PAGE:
I’ve lost count of how many times people have been unusually kind to me during this injury. And not just the people who I know! Completely 100% authenticated strangers! In public! At first I was so super shy about using crutches that I didn’t want to go out because I didn’t want to inconvenience anyone whilst crutching around. However, on my second week on crutches I had to go to the medical clinic where I had gotten my x-ray done, and I had to get a second opinion, and then a copy of the x-ray. (The first doctor who saw me essentially said “It’s not broken. Have an air cast if you want one. Get “some physio”) So, I got up my courage (and my abs of steel…because apparently to use crutches it takes abs that can open walnuts…or something), and went back.
And then promptly got trapped in the anteroom (vestibule?) between the two sets of entry way doors because the second set of handicap door buttons didn’t work. Yup…don’t mind me, just trapped for life in between the doors. And then someone was coming along right behind me and held the door for me. Thank you kind-hearted door-holding friend of humanity! Now I won’t have to live here. At first I wanted to be embarrassed that I had to rely on someone to open the door, but the person holding the door didn’t look like they thought that, and they smiled. So I smiled too.
Success. Not having to live between the doors forever.
And the time that I had to get my actual x-ray people moved their feet so that I wouldn’t trip, and made sure that there was someone for me to sit. I am so thankful for them. And I told them so. I can definitely see how this injury has grown my “thankful” muscle. If I had never been in a position of needing any help, I would have missed the opportunity to be thankful!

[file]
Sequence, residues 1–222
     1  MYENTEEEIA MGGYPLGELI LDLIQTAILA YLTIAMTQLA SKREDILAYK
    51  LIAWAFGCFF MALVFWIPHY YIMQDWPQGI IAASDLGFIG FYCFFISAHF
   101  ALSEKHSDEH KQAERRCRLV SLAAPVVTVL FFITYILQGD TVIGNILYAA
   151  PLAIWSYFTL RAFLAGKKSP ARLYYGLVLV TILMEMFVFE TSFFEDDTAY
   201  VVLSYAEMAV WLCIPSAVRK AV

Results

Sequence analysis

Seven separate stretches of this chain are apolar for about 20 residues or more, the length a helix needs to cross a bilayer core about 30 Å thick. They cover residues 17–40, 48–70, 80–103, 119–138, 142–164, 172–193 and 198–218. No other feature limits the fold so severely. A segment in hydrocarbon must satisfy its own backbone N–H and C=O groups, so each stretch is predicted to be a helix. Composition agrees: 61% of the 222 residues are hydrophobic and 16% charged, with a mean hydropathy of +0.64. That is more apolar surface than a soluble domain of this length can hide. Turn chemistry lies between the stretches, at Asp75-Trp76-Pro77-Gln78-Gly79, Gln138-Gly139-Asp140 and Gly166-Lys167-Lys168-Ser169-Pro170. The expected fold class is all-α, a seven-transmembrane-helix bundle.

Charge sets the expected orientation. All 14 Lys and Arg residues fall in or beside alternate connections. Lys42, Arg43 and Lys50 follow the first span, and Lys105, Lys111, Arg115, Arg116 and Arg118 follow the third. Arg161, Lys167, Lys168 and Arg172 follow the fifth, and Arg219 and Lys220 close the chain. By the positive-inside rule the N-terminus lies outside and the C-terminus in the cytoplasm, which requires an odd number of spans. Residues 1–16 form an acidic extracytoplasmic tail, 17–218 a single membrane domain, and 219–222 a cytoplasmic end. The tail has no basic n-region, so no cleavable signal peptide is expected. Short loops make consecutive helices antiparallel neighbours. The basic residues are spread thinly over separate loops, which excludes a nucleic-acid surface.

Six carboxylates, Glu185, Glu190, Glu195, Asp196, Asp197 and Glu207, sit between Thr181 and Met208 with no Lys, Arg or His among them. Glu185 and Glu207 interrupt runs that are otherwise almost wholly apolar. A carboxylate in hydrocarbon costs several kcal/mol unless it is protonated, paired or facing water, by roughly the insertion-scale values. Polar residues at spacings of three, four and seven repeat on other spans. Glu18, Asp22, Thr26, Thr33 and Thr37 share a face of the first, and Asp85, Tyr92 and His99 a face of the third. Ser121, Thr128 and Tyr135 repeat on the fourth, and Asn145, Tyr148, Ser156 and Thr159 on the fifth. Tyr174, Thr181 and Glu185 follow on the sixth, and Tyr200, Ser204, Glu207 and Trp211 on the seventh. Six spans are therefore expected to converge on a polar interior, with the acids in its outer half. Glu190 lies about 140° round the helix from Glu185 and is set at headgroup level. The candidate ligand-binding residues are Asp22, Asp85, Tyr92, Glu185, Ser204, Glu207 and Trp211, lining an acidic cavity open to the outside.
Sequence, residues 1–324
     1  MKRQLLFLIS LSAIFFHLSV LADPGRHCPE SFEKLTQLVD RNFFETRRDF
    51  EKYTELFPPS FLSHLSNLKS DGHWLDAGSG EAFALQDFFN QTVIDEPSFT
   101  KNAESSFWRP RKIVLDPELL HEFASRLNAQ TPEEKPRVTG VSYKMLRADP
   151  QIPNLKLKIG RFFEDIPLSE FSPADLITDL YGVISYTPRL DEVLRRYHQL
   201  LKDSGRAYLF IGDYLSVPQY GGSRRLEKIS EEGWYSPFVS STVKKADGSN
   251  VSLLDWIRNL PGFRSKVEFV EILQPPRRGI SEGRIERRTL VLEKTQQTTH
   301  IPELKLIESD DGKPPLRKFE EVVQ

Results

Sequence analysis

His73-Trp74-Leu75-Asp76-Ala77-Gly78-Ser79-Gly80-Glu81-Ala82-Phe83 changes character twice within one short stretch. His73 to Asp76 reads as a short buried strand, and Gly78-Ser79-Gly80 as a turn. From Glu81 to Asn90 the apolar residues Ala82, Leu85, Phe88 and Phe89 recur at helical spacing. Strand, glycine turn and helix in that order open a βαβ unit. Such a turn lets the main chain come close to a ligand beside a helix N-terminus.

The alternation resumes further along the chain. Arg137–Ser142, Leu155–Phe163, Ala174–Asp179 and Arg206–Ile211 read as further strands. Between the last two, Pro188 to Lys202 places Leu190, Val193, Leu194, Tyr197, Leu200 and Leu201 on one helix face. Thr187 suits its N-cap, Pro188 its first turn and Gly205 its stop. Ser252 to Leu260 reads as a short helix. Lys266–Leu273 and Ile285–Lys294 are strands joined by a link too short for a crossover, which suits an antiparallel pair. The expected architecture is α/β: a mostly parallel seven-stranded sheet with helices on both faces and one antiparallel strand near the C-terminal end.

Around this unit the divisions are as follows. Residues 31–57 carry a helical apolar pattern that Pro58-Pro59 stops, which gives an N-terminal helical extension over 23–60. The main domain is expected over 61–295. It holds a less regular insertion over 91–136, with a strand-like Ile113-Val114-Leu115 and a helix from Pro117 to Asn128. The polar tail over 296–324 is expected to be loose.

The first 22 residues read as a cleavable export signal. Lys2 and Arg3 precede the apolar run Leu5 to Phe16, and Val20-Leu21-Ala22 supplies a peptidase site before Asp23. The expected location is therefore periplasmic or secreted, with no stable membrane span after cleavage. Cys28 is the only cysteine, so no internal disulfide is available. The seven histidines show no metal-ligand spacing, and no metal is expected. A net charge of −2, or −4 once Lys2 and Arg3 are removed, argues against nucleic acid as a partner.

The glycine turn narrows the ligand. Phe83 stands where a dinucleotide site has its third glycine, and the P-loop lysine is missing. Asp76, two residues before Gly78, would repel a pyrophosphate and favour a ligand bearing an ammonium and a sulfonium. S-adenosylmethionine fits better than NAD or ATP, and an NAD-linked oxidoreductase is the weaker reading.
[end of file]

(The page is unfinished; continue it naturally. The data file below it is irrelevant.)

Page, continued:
When I first started physiotherapy, I was still using two crutches, and was going into the office for my appointment. Unbeknownst to me, a lady who was chatting with her friend in the parking lot saw me going towards the door and sprinted across the parking lot to meet me at the door and open it for me. Thank you again, different door-opening helper of those on two crutches who are trying to get into an office that has no automatic door capabilities. Thank you very much!
Then today, after I had finished my gym time, I went down into the store on the main level and was waiting in line behind a man with a cart. I could tell that his “cane radar” had been triggered as I came up behind him (What on earth makes canes make that tapping noise. There is a rubber end…it should be quieter. Instead, it announces “Hey, I’m coming that way…very slowly….with a cane…towards you.”) And he immediately swung his entire cart around, and said “Here, you can put your things down in here while you’re waiting if you want.”
Why are you so nice!? (It could be that he was a Montreal Canadiens fan…he was wearing a jacket) So I declined and said thank you again. I wasn’t holding anything very heavy. But I was very thankful that someone was willing to help me.
Take home message: Be kind where you can, where you are, and if you are the recipient of kindness, say thank you. Don’t miss your opportunity to grow your “thankful” muscles.
I hope that this encourages you!
Have a great weekend, and I will be back with more updates next week.